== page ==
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‘Vindictive’ — or only proper? DA Larry Krasner asks a Philly judge to recuse himself from all criminal cases.

The DA's office alleged that the appearance of a conflict was created by a complaint filed by Scott DiClaudio’s domestic partner, who was fired in February, with the Pennsylvania Human Relations Commission.

Common Pleas Judge Scott DiClaudio leaves the PA Supreme Court's Philadelphia courtroom in 2018 after being publicly censured for misrepresenting a client before his election to judgeship.
Common Pleas Judge Scott DiClaudio leaves the PA Supreme Court's Philadelphia courtroom in 2018 after being publicly censured for misrepresenting a client before his election to judgeship.Read moreEd Hille / Staff Photographer

On Tuesday morning, minutes after arriving at Courtroom 905 at the Stout Center for Criminal Justice, defendants, probationers, lawyers, and witnesses all shuffled back out — many of them grumbling loudly.

“He’s been in jail a year already,” said Valerie Sproul, whose son, Aikeam Gamble, was expecting to enter a plea on a robbery case and perhaps be released from prison.

But Common Pleas Court Judge Scott DiClaudio had canceled his entire docket in response to motions filed late Monday afternoon by the Philadelphia District Attorney’s Office in all 39 cases listed Tuesday, demanding that DiClaudio recuse himself.

District Attorney Larry Krasner alleged that the appearance of a conflict was created by a complaint filed by DiClaudio’s domestic partner — former Assistant District Attorney Catherine Smith, who was fired from the office Feb. 8 — with the Pennsylvania Human Relations Commission. Smith, according to the district attorney’s motion, alleged that she was discriminated against because she is white.

“A reasonable person would question Judge DiClaudio’s impartiality in any cases in which the Office represents a party,” the complaint noted. A spokesperson for the district attorney added in a statement that the motion for recusal “is necessary to ensure impartial treatment of victims, survivors, defendants, and the general public. Not filing the motion in these cases has the potential to disrupt the system by causing years of future litigation."

DiClaudio, arguing that the motion would upend tens of thousands of cases making their way through the justice system, said it was a baseless act of revenge.

A spokesperson for the court administration said the leadership could not comment on a pending legal matter.

“Is the commonwealth saying that I cannot be fair?” asked an irate DiClaudio from the bench Tuesday morning while Paul George, assistant supervisor of the district attorney’s law department, quietly asserted that it was the appearance of a conflict, not the judge’s actual fairness, that was the concern. George said, “I can’t be inside your head or anyone else’s to say this person is or isn’t being fair.”

DiClaudio also reminded George that complaints with the Human Relations Commission are confidential. “Do you have any idea why Mr. Krasner decided to make it public in violation of federal law? Doesn’t it show vindictiveness on the part of the District Attorney’s Office?” DiClaudio asked. (Chad Dion Lassitor, executive director of the Pennsylvania Human Relations Commission, said in a statement that nothing in the Pennsylvania Human Relations Act or administrative rules prohibits parties to a complaint from discussing it.)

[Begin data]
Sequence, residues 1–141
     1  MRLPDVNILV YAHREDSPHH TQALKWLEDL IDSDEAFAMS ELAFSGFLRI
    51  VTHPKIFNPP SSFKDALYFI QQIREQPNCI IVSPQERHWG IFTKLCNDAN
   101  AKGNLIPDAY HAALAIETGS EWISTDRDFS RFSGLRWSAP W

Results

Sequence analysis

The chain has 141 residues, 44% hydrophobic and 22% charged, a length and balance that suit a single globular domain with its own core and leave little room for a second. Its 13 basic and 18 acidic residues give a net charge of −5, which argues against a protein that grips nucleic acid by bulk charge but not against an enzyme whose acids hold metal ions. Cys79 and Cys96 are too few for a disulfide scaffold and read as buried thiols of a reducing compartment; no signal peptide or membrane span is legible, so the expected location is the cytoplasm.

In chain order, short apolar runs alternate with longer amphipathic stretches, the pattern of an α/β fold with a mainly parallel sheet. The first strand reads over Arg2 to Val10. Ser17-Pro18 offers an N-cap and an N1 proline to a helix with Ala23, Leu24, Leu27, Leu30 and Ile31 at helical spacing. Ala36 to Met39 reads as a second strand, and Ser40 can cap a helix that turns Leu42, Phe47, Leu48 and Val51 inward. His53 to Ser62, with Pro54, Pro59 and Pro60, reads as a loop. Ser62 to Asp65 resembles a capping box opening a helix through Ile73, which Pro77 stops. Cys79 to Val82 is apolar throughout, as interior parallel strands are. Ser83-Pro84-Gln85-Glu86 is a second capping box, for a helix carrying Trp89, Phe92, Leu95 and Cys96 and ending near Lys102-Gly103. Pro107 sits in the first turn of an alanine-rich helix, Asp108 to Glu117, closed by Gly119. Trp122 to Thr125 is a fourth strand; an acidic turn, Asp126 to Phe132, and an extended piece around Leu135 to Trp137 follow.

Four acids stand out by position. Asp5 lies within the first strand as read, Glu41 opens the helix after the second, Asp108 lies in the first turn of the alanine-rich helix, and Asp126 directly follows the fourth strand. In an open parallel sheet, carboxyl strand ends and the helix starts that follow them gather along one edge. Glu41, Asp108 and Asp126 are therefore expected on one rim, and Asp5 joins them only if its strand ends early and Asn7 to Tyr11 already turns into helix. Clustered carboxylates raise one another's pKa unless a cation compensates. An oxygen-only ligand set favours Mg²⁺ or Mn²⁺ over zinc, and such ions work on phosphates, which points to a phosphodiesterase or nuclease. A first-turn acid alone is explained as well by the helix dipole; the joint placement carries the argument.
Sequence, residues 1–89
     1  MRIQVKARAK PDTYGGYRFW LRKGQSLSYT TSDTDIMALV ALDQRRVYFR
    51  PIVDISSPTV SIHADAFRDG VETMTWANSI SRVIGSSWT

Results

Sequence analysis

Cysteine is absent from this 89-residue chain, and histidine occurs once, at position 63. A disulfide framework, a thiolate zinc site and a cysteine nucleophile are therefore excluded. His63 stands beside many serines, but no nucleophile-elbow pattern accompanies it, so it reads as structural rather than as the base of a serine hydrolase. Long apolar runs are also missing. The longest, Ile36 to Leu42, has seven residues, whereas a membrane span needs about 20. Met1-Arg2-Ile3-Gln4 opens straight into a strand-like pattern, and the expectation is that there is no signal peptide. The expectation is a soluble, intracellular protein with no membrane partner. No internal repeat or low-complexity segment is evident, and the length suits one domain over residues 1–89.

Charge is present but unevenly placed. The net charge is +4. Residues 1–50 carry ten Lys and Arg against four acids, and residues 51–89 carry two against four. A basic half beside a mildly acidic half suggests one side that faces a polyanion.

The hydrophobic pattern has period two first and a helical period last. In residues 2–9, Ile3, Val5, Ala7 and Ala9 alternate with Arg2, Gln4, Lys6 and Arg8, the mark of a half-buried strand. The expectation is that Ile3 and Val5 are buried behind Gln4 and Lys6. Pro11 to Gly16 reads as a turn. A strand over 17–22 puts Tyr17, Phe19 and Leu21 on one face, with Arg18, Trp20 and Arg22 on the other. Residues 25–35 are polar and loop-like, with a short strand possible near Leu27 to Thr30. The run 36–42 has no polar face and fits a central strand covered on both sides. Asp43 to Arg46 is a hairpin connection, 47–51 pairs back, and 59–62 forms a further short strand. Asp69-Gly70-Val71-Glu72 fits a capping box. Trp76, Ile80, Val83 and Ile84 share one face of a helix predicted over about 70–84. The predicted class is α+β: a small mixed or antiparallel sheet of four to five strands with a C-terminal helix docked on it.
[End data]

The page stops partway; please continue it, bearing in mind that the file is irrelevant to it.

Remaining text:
To George, the allegations only underscored DiClaudio’s disqualification. “This court is expressing hostility toward the commonwealth,” he said.

Finally, DiClaudio suggested that his relationship with Smith was “tenuous," and asked if its termination would resolve the matter. George responded that it would not.

While it was not part of the motion to disqualify filed Monday, the assistant district attorney further suggested that DiClaudio may have engaged in improper communications with the district attorney’s staff. DiClaudio last fall recommended Smith for a specific position at the office; she did not get the job. On Monday, he sent a text to homicide chief Anthony Voci to verify that Krasner himself was aware of the motions that were filed.

“Do you allege that’s an ex parte communication?” DiClaudio asked George, using the legal term for prohibited private communication between a judge and any one party to a legal action. “I do,” George said.

DiClaudio suggested that the combined allegations amounted to a threat that if he doesn’t recuse himself based on Smith’s complaint, he could be exposed to disciplinary action for those other communications.

“There’s no intent on my part to say I or anyone in my office intends to threaten this court,” George responded.

After the district attorney objected to the judge’s entering even scheduling orders, DiClaudio canceled his list — over the objection of the public defender. (The Defender Association declined to comment.) Defendants were told to line up and wait to receive subpoenas for the following Monday.

The district attorney’s spokesperson said the office had not sought continuances in any of the cases, and laid the blame for the delays on DiClaudio: "Rather than leave the bench for the day at 10 a.m., the court could have granted the recusal and sought another judge to handle the matters.”

Still, Brad Shuttleworth, a defense lawyer who’d stopped in to watch the arguments, came out of the courtroom shaking his head. “It’s completely unnecessary,” he said. “Nobody has a real problem with [DiClaudio]. The defense bar didn’t have a problem with him having a girlfriend in the DA’s Office when she was still there. It’s unnecessary because he’s fair. There’s no sense of an appearance of impropriety.”

Jeremy Cook of West Philadelphia, who was there for a pretrial conference, had more pressing concerns as he waited for a subpoena for his new court date.

“I don’t got no car fare for next Monday,” he groused.